Facebook has got the right side of its problems. Shortly after midnight, users started accessing their accounts again and the company reports that the services are slowly starting to work again.
For seven hours on Monday night, Facebook-owned Facebook, Instagram, Messenger and Whatsapp services were down across the world.
Shortly after midnight, Swedish time, Facebook began to show signs of working again, and the company announced that as of 00.28, Swedish time, “the global internet has been reconnected”, but it may take time for all users to come to all services.
“Our services are now back online and we are working hard to make them fully available,” Facebook wrote in a statement apologizing to the company, stressing that there was no evidence that user data had been compromised or released.
According to Facebook, the reasons for the denial were attempts to change the configuration in a number of routers that coordinate traffic between Facebook’s servers. This resulted in a snowball effect which led to the closure of sites.
“The underlying causes have also affected many of the internal tools and systems we use in our day-to-day operations, complicating our attempts to be able to quickly diagnose and solve problems,” she wrote.
Researcher: We depend on Facebook
Brooke Duffy, Senior Lecturer at Cornell University in the US, researches how media, technology and culture converge, and notes that it is no coincidence that many users today rely heavily on Facebook.
“Over the past decade, Facebook has done several things to become a fixture in our daily lives: We rely on the services not only for communication, but also for information on everything from local events to global politics,” she said in an email interview with TT, He adds:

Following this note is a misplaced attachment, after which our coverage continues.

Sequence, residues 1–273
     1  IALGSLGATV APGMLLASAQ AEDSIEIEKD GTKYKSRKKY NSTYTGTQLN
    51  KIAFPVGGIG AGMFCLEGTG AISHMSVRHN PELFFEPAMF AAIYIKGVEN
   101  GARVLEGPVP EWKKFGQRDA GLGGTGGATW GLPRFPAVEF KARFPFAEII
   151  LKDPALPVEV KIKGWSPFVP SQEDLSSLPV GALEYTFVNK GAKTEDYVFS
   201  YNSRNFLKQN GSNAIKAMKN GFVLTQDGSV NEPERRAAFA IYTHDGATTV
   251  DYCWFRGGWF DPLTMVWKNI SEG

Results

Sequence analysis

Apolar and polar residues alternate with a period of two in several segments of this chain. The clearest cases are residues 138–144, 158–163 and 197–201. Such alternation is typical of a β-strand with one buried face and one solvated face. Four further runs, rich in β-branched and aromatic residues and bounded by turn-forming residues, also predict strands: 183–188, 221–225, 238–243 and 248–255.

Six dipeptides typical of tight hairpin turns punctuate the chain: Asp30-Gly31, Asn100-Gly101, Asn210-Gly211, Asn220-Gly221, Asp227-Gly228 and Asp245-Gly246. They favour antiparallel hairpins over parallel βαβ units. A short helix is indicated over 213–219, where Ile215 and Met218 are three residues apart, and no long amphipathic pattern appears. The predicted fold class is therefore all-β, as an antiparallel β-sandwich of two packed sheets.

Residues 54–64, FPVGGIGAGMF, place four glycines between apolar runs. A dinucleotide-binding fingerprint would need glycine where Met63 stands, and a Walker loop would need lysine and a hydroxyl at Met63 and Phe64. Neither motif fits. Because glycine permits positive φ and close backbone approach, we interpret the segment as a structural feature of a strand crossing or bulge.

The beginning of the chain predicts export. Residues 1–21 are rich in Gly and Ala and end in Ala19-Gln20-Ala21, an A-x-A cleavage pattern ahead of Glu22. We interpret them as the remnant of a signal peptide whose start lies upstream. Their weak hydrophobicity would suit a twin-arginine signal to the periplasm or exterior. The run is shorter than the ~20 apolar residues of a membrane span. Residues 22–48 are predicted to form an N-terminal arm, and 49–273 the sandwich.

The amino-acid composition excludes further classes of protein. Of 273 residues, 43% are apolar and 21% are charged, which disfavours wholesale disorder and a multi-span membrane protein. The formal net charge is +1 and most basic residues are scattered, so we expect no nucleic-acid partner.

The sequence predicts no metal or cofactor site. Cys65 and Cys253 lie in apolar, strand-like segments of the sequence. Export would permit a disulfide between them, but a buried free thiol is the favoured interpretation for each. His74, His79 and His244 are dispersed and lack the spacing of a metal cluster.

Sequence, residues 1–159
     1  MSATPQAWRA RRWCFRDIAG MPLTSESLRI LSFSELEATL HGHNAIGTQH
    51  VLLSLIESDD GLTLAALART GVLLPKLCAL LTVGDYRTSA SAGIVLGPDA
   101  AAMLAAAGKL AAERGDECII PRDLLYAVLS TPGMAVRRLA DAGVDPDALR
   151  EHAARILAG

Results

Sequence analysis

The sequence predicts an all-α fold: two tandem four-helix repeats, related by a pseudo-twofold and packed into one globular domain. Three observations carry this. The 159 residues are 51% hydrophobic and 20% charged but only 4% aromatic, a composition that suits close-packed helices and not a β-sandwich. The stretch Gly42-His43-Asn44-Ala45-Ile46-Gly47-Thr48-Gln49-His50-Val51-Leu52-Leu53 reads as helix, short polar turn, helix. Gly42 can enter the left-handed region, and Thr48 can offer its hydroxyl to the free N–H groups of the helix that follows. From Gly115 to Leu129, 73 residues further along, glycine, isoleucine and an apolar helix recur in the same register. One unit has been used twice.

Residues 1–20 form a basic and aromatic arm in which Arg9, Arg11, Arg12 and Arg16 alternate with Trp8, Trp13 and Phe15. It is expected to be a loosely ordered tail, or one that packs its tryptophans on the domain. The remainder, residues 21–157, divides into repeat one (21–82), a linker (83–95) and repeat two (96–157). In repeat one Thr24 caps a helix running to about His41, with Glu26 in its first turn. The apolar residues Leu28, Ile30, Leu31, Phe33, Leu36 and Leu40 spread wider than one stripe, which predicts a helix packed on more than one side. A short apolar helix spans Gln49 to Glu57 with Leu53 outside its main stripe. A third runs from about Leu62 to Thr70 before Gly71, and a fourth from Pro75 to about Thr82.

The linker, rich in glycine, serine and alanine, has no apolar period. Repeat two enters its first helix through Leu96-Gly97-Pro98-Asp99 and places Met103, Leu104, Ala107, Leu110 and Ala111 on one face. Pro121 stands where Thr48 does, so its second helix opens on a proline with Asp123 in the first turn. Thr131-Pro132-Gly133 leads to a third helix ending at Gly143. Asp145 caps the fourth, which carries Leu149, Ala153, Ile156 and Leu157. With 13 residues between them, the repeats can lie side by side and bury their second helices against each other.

“Only in light of the current outages, many of us have realized how dependent we are on a platform often portrayed as outdated (especially in comparison to the relatively newcomer Tiktok).”
In addition to the fact that users during the outage were unable to pass their feeds or write to their acquaintances, this affected the company that relied on cross-platform sales, as well as the advertisers who used them to be visible.
“What shocks many is how this collective dependence is taken for granted,” says Brock Duffy.
A global outage of the other so-called massive platforms, Amazon, Apple and Microsoft, could have a similar effect. And according to Duffy, there are things to be learned from Monday’s eruption.
Tech giants and social media companies in particular are more volatile and skewed than the media companies that have dominated during the 20th century. In addition to the widespread outages we have seen today, these companies have developed by leaps and bounds. The changes they make, from new features to tweaking algorithms, can have serious consequences for users and creators.”
Millions of reports
The disruptions began to be reported after 5:30 p.m., according to Downdetector, which reports that during the evening they received more than 10.6 million reports of outages.
Users who visited the Facebook site were met with an error message that the site could not be reached. The error message indicated that the browser was not redirected to its destination and indicated that there was something wrong with the Domain Name System (DNS). DNS is often compared to the phone book of the Internet, allowing the browser to find the right directory.
The Facebook platform has about 2.9 billion users.
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